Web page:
The Las Vegas Invitational will include games at campus sites, then the final two rounds on Nov. 22-23 in Las Vegas. North Carolina takes on Texas in one semifinal, and Michigan State faces UCLA in the other.

UNC, UCLA and Michigan State are all top 20 teams in the NBC Sports preseason top 25.

The championship is Nov. 23, and the semifinal losers also play each other that day.

NCAA to study possible effects of widespread legal wagering

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INDIANAPOLIS (AP) — The NCAA plans to study how the expansion of legalized betting could affect college athletics and member schools.

The NCAA announced Thursday it will create a working group of “subject matter experts” to assess areas such as officiating, NCAA rules, federal and state laws, and the use of integrity services. NCAA leadership has already called for federal regulation on sports betting. NCAA rules prohibit sports wagering by athletes and athletic department employees.

The Supreme Court opened the door for states to have legal wagering on sporting events when it struck down a federal ban in May. Schools in some states such as West Virginia, Mississippi and New Jersey are already exploring the possibility of collecting integrity fees in anticipation of legal sports books opening in their states.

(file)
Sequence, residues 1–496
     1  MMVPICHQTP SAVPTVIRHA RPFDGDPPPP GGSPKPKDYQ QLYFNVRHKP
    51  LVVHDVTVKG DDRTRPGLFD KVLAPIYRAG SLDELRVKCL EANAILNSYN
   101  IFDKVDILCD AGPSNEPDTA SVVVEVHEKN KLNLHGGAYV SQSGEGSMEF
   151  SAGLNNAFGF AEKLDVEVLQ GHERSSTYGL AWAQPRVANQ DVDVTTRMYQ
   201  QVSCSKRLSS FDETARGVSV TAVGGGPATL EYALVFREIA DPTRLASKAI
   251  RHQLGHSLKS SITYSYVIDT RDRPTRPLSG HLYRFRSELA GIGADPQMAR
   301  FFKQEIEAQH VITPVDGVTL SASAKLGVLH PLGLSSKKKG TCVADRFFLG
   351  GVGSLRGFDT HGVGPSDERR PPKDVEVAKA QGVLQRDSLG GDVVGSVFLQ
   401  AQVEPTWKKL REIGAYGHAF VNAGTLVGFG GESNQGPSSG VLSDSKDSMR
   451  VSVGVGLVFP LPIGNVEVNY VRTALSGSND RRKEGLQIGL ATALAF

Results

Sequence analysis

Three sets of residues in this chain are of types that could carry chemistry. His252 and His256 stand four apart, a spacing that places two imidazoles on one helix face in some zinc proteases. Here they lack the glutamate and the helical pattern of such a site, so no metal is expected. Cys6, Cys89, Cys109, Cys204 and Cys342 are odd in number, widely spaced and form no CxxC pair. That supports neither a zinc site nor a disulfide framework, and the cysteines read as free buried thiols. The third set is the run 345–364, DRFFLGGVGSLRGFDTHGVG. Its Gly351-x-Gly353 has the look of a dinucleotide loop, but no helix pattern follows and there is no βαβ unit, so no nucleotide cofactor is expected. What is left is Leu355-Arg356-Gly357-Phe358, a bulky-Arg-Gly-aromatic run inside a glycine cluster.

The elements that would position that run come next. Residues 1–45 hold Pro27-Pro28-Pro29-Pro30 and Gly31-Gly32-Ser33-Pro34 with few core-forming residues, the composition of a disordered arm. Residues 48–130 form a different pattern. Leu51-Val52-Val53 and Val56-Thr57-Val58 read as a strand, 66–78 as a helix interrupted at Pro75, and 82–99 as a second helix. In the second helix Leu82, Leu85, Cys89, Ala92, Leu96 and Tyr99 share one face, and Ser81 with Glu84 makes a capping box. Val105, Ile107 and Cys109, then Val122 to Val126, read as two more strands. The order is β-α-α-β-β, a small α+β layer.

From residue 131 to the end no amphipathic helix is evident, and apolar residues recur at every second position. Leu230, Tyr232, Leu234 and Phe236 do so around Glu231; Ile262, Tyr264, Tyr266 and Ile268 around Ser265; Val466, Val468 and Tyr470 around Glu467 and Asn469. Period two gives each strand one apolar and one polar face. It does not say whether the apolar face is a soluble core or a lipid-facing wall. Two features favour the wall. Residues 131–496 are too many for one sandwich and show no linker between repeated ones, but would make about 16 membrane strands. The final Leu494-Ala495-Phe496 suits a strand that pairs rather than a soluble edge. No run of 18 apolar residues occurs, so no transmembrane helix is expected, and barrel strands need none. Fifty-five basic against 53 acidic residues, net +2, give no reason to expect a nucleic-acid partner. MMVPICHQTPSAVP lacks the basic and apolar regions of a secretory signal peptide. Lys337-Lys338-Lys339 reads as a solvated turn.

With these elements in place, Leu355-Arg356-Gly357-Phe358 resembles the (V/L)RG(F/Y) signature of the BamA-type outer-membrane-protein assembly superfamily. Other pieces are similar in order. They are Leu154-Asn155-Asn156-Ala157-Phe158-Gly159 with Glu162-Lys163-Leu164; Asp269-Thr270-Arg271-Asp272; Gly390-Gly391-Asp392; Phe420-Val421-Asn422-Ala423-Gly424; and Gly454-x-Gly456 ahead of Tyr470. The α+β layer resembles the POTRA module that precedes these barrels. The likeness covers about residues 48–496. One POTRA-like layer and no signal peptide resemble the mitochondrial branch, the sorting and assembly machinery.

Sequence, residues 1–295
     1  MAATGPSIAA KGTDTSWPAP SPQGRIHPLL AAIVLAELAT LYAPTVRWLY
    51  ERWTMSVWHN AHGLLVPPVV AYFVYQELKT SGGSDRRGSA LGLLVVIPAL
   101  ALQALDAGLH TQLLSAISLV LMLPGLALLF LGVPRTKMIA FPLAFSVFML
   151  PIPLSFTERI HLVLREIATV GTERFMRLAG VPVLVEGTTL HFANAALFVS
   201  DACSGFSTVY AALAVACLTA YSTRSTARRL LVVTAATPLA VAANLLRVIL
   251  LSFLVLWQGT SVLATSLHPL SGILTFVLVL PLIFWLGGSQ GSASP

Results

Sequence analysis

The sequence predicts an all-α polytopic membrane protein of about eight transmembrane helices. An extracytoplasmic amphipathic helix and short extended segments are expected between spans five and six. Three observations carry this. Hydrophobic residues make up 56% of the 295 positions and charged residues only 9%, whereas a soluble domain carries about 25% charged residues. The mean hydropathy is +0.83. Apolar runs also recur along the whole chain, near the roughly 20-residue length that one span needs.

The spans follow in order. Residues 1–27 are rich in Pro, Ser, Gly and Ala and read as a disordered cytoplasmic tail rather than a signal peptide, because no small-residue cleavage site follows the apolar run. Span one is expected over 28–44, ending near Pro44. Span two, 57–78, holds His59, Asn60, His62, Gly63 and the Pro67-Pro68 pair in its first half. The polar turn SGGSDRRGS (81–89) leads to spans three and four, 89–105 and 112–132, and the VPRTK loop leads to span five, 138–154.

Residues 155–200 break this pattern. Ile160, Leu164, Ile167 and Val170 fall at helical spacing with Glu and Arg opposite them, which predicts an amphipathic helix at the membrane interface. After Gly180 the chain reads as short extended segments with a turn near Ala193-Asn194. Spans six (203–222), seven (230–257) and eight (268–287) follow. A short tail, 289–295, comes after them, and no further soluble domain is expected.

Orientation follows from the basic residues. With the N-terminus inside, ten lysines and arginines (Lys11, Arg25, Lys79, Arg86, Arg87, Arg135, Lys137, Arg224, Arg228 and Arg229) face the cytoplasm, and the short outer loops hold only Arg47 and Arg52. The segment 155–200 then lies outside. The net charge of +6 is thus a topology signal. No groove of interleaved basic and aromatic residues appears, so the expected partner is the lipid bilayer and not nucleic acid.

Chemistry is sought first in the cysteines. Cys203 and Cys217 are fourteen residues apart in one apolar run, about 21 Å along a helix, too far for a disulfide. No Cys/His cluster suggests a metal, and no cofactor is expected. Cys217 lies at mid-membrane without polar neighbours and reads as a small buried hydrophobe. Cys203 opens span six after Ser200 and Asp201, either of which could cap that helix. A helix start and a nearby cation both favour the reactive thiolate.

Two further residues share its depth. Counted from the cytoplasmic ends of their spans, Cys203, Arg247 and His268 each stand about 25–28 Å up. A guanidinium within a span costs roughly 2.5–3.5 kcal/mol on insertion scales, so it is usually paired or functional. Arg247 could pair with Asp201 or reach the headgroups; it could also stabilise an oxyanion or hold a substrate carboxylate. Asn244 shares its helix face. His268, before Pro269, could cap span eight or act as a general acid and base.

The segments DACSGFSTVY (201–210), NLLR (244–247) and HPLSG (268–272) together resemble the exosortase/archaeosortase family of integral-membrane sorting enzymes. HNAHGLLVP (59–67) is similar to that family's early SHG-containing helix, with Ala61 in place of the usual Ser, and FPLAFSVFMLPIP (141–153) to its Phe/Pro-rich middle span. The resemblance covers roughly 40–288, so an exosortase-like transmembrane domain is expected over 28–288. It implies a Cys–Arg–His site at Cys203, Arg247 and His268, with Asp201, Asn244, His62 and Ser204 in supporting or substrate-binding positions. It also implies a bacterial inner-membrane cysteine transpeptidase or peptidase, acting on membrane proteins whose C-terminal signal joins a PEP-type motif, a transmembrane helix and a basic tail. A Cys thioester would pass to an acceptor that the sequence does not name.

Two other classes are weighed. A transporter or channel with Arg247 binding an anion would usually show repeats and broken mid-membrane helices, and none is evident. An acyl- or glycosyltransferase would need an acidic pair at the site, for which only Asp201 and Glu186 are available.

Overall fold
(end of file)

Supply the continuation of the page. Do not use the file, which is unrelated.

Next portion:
“While we certainly respect the Supreme Court’s decision, our position on sports wagering remains,” said Donald Remy, NCAA chief legal officer. “With this new landscape, we must evolve and expand our long-standing efforts to protect both the integrity of competitions and the well-being of student-athletes.”

The NCAA Board of Governors has already suspended the association’s ban on holding championships in states with legalized sports betting, a policy that only affected Nevada.

“Legalized sports gambling across the country is rather new, but the NCAA and its members have committed significant resources over the years to policy, research and education around sports wagering,” said Joni Comstock, senior vice president of championships and alliances. “With student-athlete well-being as the centerpiece, we will continue to build upon these efforts to assist members as they adapt to legalized sports wagering in their states and regions.”